Let Others Help: With Love From One Mom to Another
- For Parents and Family
July 6, 2017
To all the parents of teens with cancer, this is the letter Amy (mother of 2017 Honorable Mention winner Abby, whose letter you can read here) wishes she had received, and the one she is writing you now. Her biggest advice is to cut yourself some slack — it’s a long, hard road. She also encourages you to let others help and gives practical tips on how to get started.
Dear Mother of a newly diagnosed teenage girl,
I know you are exhausted. You just spent the last 24 to 48 hours replaying in your head the words you heard from the doctor, “Your daughter has cancer.” Every time you close your eyes, you hear it wringing in your head. When you wake up, and your eyes open the next day, you are thinking that it’s just an ordinary day, but then that sick feeling creeps back into the gut of your stomach and you realize it’s all a reality. It’s not a dream. It’s a living nightmare.
I wish I could take the pain away from you. I know. I have felt that pain. I’m not sure if pain is even a word to describe the feeling. It’s like this gut wrenching feeling deep down inside that makes you not want to sleep or eat or drink anything. You are just existing while you watch the rest of the world pass you by. Your world has stopped. Except everyone else’s world keeps moving. Your child, your baby, is sick, extremely sick and you feel totally helpless.
I wish I could tell you that it gets easier with time. It really doesn’t get easier, but somehow cancer life becomes your new normal. The long chemotherapy drug names that are being spouted out to you right now will literally roll off your tongue in a matter of weeks. You will be able to look at a complete blood count and tell exactly what it means and be able to explain it to anyone. You will become an expert on how to flush a pic line or take a temperature half asleep. Somehow all that medical terminology and paraphernalia that you knew nothing about will become your day to day and you will become an expert in it all. But even though that is the case, there will be many days that you will reach over to your child and place your hand on their back while they are sleeping to just make sure they are still breathing. It’s only natural.
Give yourself some grace. Realize that you are not super mom. Your main focus is your child. I know you will feel guilty for not being able to give your other children your full attention. Or you will feel guilty that you are not being the wife or employee you want to be, but give yourself grace. Realize that you can only do what you can do. Live day by day. Literally, take it one day at a time. There were some days I took things hour by hour.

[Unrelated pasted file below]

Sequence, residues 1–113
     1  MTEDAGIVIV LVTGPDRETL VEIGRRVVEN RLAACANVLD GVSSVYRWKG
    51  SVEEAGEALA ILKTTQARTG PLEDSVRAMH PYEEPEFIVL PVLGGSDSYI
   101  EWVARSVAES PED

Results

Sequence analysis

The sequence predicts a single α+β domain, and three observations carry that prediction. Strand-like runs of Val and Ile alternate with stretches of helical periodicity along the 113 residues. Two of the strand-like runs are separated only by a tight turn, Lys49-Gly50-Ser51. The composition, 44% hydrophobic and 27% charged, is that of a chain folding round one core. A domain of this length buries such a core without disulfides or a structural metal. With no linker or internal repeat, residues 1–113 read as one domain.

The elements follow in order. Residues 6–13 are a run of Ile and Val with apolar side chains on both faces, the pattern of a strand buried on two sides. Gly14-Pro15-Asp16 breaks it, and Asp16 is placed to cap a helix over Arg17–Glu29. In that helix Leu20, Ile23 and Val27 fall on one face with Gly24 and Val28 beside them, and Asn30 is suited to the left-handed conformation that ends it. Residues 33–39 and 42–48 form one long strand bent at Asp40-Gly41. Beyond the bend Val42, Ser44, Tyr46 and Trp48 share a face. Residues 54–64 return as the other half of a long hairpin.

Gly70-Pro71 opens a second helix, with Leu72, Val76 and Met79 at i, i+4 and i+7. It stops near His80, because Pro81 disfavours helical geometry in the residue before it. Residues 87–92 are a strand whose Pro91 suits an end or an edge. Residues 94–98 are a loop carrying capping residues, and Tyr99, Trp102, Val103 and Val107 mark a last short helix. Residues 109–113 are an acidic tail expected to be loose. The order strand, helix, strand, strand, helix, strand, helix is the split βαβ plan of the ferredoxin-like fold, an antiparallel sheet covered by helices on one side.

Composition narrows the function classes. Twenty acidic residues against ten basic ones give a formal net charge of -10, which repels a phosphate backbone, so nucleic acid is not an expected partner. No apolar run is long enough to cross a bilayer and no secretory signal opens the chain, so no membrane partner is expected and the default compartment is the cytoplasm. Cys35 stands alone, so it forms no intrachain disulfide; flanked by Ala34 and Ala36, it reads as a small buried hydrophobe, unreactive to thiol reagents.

I will give you this little piece of advice. When people offer to help you, take them up on their offer. It may be something small or something big. Make a list of things that need to get done either around your house, or with your other children and start delegating things. People really do want to help. Usually people will want to make meals. Let them. Have a meal plan set up online that can be emailed out with one person as the contact person. Let someone clean your house or get your oil changed in your car or inspected. When someone offers to do a fundraiser, let them. You will run out of money, so let people help you. It is very humbling, but they want to help.
I will tell you this not to make you feel bad, but to prepare you. You will lose friends. You just will. I lost my best friend. You may even lose some family members. They don’t understand. They try to, at least some really do try. But others are so afraid that they will say the wrong thing or do the wrong thing, that they just stop calling you. And one week turns into a month, which turns into a year. Your main focus is your child, and rightfully so. It is ok to turn down invitations. I once had a friend say that I needed to take time for myself in order to take care of my child. I know people mean well, but they just don’t understand. What was I supposed to do? Tell my 15 year old daughter that I was going out with the girls because I needed to take care of myself. She could stay home and vomit on her own, while her hair fell out and she was too weak to walk. It’s just not feasible and they don’t understand that. But, you will also gain some amazing friendships with other cancer moms. You will have late night talks in the nutrition room or the hallway in the hospital with these other cancer moms. They will become friends that will last a lifetime. They see you at your worse, with no makeup, in your pajamas, with some days not even having a shower. But they love you through it and you offer each other hope for your children. You will come to love these other children and pray for them every day.
You are now part of a club that you never thought you’d be a part of. You are now a cancer mom. It’s a very hard thing to say out loud, but once you do, it starts to become your new normal. Know that you are not alone. There are many cancer moms out there. Reach out to them. You will begin to realize that you are all in this horrible cancer world together and somehow day by day you will get through it. One day will slowly turn into a month, which turns into a year and before you know it you will be counting down the days that your child has been off of chemo. You CAN DO THIS.
Amy, a fellow cancer mom